Have you ever wondered what makes Michele Banks tick? Nature Microbiology did. So, they asked her. You can read their interview with Michele here and gaze upon her lovely artwork for their homepage here.
Nature Microbiology: When did you first become exposed to scientific images?
Michele Banks: I started doing watercolours about 15 years ago. I was mainly working in pure abstraction, just playing with colour and with the properties of the paint. One of the things I love to do is wet-in-wet technique, which gives a ‘bleeding’ effect. I showed some of my wet-in-wet work at the Children’s National Medical Center here in Washington DC about 10 years ago, and they told me they liked my work because it looked like things under a microscope.
We hope the interest in the overlap of science and art will be a theme that continues throughout future Nature Microbiology issues – also open access, gender balance in publishing, shying away from bogus impact factors. etc. etc…
There are those groups where you keep wondering why they let you in. I’m not talking about impostor syndrome (I went to graduate school – I know that of which I speak), but the kind of group where you are pretty sure folks know exactly who/what you are and they let you stick around anyway. Maybe it was an older sibling letting you tag along when you were younger. Maybe it was a pick-up basketball team that doesn’t care about your lousy jump shot. Maybe it is your life partner.
If we exclude my partner (what was she thinking?), my “that group” is Science for the People*. Starting in 2010, I gradually migrated from fan, to brief guest, to occasional source of information, to official team member. I still maintain that I have the easiest job on the crew.
That is why I’m so pleased that we have launched the Science for the People Patreon Campaign. Science for the People has been a labor of love by the entire team for years. The Patreon Campaign is designed to make it possible for those that labor the hardest on producing Science for the People can keep producing the best science podcast** you can find.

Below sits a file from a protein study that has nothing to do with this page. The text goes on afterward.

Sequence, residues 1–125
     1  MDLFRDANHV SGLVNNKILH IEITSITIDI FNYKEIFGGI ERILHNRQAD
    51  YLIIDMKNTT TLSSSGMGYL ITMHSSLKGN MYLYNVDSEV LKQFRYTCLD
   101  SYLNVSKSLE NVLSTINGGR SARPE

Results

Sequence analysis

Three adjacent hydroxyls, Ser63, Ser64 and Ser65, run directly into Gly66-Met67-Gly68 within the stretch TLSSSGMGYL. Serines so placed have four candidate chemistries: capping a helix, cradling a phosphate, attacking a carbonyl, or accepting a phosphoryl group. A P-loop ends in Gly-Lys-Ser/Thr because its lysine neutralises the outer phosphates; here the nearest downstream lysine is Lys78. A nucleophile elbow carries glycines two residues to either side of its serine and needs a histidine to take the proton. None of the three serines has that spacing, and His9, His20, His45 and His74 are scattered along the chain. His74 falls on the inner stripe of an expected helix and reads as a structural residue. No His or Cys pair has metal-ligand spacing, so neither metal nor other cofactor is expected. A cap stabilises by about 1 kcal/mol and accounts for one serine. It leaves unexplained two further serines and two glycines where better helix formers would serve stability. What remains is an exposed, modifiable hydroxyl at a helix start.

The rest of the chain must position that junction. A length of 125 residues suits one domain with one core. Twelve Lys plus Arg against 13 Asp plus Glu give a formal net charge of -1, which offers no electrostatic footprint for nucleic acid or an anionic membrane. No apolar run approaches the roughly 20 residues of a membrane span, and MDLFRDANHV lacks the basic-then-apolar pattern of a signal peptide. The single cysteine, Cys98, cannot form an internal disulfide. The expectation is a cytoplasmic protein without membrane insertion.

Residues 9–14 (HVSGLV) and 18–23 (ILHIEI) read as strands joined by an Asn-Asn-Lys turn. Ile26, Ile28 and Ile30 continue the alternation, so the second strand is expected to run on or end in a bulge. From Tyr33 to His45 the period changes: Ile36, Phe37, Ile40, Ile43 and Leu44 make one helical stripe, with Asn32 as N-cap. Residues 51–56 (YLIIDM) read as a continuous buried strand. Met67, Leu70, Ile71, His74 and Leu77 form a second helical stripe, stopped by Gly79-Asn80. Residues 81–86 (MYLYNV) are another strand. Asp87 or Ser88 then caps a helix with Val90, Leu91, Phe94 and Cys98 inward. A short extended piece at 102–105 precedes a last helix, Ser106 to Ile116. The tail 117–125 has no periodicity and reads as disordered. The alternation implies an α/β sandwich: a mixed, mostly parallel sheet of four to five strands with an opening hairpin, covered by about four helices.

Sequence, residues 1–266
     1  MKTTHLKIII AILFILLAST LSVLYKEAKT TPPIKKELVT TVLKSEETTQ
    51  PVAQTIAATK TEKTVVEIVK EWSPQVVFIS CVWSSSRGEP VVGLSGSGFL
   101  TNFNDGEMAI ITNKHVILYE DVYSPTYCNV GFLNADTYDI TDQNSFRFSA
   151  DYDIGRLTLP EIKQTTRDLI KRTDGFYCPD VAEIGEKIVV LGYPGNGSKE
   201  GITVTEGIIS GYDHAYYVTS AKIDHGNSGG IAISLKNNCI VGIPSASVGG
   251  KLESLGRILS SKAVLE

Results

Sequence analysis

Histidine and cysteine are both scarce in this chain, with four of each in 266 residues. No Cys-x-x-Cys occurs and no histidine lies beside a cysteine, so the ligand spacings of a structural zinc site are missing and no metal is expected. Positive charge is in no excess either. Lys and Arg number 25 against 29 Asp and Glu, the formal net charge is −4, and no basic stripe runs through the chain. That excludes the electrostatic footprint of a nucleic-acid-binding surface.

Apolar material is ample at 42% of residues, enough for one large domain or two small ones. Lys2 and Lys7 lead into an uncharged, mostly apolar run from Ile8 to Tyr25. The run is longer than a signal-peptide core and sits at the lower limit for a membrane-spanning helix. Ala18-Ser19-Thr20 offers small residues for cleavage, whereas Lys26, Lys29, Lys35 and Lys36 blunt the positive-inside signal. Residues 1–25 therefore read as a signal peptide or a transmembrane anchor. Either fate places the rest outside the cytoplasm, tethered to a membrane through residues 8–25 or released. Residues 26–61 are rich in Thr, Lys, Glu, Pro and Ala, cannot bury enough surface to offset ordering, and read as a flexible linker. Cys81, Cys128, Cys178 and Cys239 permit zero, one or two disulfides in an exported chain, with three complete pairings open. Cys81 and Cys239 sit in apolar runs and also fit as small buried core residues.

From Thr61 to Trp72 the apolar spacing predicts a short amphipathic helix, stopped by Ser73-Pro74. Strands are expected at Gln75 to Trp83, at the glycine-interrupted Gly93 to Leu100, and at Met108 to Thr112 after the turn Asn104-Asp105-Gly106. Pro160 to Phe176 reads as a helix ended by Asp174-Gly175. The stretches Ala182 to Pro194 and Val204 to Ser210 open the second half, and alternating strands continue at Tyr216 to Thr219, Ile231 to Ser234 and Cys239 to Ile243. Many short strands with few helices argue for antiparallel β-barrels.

*Here, I am in the position to make people put up with me, the poor bastards.
**Conflict of interest disclosure.
For the past year and a half, Lou Woodley and I have been running MySciCareer, a website with first person science career stories. It’s not just jobs in research and it’s not just jobs outside of research – it’s both.
If you just watch the images on the front page for a while (or look at the ones in this post), you’ll see a lot of very different jobs and people come by. Researchers, writers, teachers, politicians, startup founders. The only thing they have in common is that they have been trained as a scientist at some point in their lives.
Continue reading “MySciCareer”
Our travel guru, Eva Amsen, was recently interviewed by Times Higher Education about using Twitter and other social media productively as an academic in her role as outreach coordinator for F1000. The article includes a handy list of reasons you should be on social media in case your superiors question the number of tweets you posted last month.
This week, Science for The People looks at the science of the ultimate criminal punishment. Pharmacologist and science writer David Kroll discusses the chemistry of the drugs used in lethal injections. They talk to law professor Samuel Gross, editor of the National Registry of Exonerations, about the rates of false convictions in death penalty cases. And they speak to Johns Hopkins University psychiatrist Dr. James Harris about the complex issues at the intersection of capital punishment and intellectual disability.